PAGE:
Warriors relying on 'scar tissue' from past in pushing forward at Memorial Cup

SAGINAW — Some scar tissue built up over time has given the Moose Jaw Warriors resilience.

The Western Hockey League champions earned a spot in the Memorial Cup semifinal Tuesday night with a 5-3 win over the Quebec Maritimes Junior Hockey League champion Drummondville. Both teams were 0-2 entering their final round-robin game, with the loser going home.

"I think that's something that you build over time," Warriors head coach Mark O'Leary said. "It's just like scar tissue. This group has grown together for the last four seasons and it starts out when you're a young group and you're rebuilding and you're losing some games by a lot of goals.

"You learn back then that you could either stand there and whine and complain and look to blame others or you can get yourself up quick and start punching back. And I think that's a mentality that we've developed over time here.

"Now when those same players are 19 years old, 20 years old, they have that scar tissue and that same mindset, … there's no whining, there's no complaining, it's just get up quick and punch back."

Defenceman Denton Mateychuk said a moment of adversity in the second round of the WHL playoffs helped forge the team's mentality.

"There's lots of moments but the first one that really came to mind is that Swift Current series," said Mateychuk, the WHL playoff MVP. "We lose Game 1 7-2 and we don't play a terrible game but we get pretty much bullied the whole game.

"And then we come out the next night and we're flying and we don't lose another game in that series. That just shows the kind of grit that we have, doesn't matter what happens we're able to flip the page the next day and be ready to go for whatever's next."

Moose Jaw entered the tournament coming off the franchise's first-ever Ed Chynoweth Cup as WHL champions in its 40-year history. The Warriors were ousted in the first or second round in each of the last three WHL post-seasons (2019, 2022, 2023) before winning this season.

It's also the team's first-ever appearance at the Memorial Cup.

However, the Warriors took two one-goal losses to the chin to start the tournament. Moose Jaw fell 5-4 to host Saginaw on Friday and 5-4 to Ontario Hockey League champion London on Monday.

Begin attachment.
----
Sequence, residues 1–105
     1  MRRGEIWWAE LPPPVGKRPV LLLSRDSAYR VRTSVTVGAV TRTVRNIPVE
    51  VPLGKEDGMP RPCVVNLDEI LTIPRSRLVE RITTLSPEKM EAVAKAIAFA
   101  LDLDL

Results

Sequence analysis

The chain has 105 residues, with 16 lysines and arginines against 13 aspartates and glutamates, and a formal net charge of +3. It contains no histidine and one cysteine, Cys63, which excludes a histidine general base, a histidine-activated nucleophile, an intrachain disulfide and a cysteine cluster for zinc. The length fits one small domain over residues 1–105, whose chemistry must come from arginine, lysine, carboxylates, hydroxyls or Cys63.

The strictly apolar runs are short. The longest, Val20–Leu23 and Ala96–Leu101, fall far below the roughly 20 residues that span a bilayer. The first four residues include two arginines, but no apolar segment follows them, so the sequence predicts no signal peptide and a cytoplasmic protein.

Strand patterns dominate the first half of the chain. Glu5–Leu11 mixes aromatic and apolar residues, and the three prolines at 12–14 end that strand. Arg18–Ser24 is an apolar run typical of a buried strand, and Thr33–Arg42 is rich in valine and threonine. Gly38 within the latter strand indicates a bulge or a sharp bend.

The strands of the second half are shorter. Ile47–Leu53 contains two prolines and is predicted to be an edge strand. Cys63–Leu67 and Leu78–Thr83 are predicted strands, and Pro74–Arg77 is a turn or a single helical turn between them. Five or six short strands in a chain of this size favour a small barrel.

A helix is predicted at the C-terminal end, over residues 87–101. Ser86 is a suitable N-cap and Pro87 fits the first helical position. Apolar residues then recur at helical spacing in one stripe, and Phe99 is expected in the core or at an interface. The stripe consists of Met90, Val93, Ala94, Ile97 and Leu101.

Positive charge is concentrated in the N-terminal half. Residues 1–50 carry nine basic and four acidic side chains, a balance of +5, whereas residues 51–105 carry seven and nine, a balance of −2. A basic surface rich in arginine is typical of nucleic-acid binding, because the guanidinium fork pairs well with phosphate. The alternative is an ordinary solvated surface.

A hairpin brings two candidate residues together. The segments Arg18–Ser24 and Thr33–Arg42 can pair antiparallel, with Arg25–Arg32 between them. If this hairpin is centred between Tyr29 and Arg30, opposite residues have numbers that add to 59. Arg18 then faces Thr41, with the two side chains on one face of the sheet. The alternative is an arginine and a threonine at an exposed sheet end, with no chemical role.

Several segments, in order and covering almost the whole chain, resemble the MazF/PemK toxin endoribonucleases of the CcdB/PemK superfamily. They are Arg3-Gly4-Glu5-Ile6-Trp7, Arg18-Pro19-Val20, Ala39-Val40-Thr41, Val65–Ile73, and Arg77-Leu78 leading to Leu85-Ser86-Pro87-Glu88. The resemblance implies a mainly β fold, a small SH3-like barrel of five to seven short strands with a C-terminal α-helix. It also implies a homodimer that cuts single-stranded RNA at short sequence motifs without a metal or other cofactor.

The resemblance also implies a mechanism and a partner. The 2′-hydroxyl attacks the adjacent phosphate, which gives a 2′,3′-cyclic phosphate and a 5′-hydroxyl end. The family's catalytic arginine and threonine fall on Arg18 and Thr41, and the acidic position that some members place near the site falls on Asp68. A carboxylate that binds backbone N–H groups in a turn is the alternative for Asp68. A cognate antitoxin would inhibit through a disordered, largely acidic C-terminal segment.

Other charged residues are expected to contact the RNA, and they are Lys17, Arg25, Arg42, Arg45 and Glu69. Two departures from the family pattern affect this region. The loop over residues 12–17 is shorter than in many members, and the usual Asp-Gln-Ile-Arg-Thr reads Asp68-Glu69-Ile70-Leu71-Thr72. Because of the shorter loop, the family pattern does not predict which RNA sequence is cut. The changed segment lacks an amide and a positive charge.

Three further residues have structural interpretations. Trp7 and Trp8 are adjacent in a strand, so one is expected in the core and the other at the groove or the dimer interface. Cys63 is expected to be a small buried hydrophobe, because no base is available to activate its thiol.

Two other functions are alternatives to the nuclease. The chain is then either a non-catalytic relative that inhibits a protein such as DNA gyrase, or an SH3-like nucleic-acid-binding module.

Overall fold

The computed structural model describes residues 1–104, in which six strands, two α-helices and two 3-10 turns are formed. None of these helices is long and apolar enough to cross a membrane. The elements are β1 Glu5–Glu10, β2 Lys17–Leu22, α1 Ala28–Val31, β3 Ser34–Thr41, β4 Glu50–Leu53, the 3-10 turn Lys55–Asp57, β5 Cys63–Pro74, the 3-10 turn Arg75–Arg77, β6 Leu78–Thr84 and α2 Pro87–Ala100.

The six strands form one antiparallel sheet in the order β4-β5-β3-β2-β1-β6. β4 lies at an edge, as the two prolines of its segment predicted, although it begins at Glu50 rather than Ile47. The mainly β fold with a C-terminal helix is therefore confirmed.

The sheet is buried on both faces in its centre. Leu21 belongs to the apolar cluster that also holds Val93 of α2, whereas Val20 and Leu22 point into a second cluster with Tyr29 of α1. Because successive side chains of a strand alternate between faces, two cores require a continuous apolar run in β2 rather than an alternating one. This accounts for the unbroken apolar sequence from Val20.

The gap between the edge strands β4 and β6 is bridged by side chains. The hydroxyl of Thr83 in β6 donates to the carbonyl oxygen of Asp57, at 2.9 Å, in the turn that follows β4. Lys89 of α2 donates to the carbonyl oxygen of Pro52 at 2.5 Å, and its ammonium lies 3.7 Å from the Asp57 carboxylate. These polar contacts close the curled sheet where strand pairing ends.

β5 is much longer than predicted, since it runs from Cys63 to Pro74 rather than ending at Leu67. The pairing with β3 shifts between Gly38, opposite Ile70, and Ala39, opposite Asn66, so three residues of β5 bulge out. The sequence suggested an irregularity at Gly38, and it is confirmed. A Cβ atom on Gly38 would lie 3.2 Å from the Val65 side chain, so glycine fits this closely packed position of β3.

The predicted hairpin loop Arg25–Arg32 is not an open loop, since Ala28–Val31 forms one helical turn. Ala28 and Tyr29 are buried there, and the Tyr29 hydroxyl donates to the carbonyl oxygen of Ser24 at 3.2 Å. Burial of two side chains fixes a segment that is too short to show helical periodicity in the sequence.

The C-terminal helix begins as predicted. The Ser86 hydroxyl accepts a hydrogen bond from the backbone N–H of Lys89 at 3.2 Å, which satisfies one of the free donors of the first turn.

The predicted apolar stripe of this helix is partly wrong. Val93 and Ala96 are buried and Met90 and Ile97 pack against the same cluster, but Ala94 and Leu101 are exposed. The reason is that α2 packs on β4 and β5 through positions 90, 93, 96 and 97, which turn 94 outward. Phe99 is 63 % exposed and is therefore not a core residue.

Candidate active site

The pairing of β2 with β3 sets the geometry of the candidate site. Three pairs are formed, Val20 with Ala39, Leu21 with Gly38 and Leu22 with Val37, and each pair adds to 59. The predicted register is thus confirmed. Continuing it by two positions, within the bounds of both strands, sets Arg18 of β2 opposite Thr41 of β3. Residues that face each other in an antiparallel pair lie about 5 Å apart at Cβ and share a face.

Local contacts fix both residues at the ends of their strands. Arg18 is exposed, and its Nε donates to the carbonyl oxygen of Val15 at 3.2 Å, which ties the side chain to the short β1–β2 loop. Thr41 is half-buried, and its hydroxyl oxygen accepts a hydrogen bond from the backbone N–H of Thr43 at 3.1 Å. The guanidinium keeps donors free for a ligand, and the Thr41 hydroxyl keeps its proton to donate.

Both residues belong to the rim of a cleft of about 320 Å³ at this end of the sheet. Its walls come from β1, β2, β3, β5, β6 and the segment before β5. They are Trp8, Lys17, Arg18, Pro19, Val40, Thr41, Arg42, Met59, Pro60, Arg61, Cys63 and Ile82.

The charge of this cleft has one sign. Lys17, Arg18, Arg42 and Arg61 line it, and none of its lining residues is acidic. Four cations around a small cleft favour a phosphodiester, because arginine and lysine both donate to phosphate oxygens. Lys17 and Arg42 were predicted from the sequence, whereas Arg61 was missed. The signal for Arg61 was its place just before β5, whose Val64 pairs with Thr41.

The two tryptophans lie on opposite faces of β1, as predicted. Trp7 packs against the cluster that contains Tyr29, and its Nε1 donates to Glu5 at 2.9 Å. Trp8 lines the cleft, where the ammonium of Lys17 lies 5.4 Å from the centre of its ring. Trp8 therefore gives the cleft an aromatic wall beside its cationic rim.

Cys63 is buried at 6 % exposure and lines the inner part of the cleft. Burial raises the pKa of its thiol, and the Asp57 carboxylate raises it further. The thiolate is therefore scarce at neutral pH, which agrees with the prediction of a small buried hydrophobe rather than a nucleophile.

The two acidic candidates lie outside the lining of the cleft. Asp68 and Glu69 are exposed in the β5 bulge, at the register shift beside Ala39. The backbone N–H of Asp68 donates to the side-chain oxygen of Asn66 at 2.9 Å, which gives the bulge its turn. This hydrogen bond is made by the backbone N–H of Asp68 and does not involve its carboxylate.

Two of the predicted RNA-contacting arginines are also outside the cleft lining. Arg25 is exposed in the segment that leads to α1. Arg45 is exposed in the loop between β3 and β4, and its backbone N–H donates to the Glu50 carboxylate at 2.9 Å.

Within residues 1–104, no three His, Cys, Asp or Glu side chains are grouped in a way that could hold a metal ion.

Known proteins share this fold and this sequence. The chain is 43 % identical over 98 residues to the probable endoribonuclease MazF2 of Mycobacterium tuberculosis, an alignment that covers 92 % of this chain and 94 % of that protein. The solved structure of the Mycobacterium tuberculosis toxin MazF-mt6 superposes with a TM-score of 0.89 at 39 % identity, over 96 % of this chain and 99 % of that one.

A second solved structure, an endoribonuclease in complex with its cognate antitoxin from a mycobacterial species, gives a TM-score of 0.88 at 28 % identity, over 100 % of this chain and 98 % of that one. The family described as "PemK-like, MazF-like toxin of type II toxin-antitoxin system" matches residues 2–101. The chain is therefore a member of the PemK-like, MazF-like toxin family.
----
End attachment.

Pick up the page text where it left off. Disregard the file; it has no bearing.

Star forward Jagger Firkus said the team's start didn't serve as a shock or and obstacle they couldn't get past.

"No, I don't think it'd be too surprising to us," said Firkus, the WHL player of the year. "Obviously we expected a better start to the tournament but at the same time, once adversity hits this team, I think we don't give up on each other.

"That's when we really show what kind of team we are. … These next two games are also must-win so we've got to come out with the same mindset as we did in the Quebec game last night."

O'Leary wasn't looking for his team to change anything from what has made it successful to this point — checking, puck management and winning races and battles across 60 minutes.

Now the Warriors wait for Friday's semifinal where they will face Saginaw, which fell 4-2 to London in the round-robin finale on Wednesday night. London will face the winner between Moose Jaw and Saginaw in Sunday's final.

While the team is excited for the opportunity — and confident in capitalizing on it — it serves as another step toward proving itself as the Canadian Hockey League's very best, especially after seeing the remaining teams live and up close.

"It's kind of like a playoff series that way, right?" O'Leary said. "You lose Game 1 in a playoff round as we did against Swift Current, you get a little bit of snarl and you want to punch back right away.

"You have a little bit of animosity and distaste for that team, you want to fix things in a hurry. So in that sense, it kind of feels like the playoffs, you lose Game 1 and whoever we play, … we're going to get another crack at them, so for sure there's some motivation there."

This report by The Canadian Press was first published May 29, 2024.

Abdulhamid Ibrahim, The Canadian Press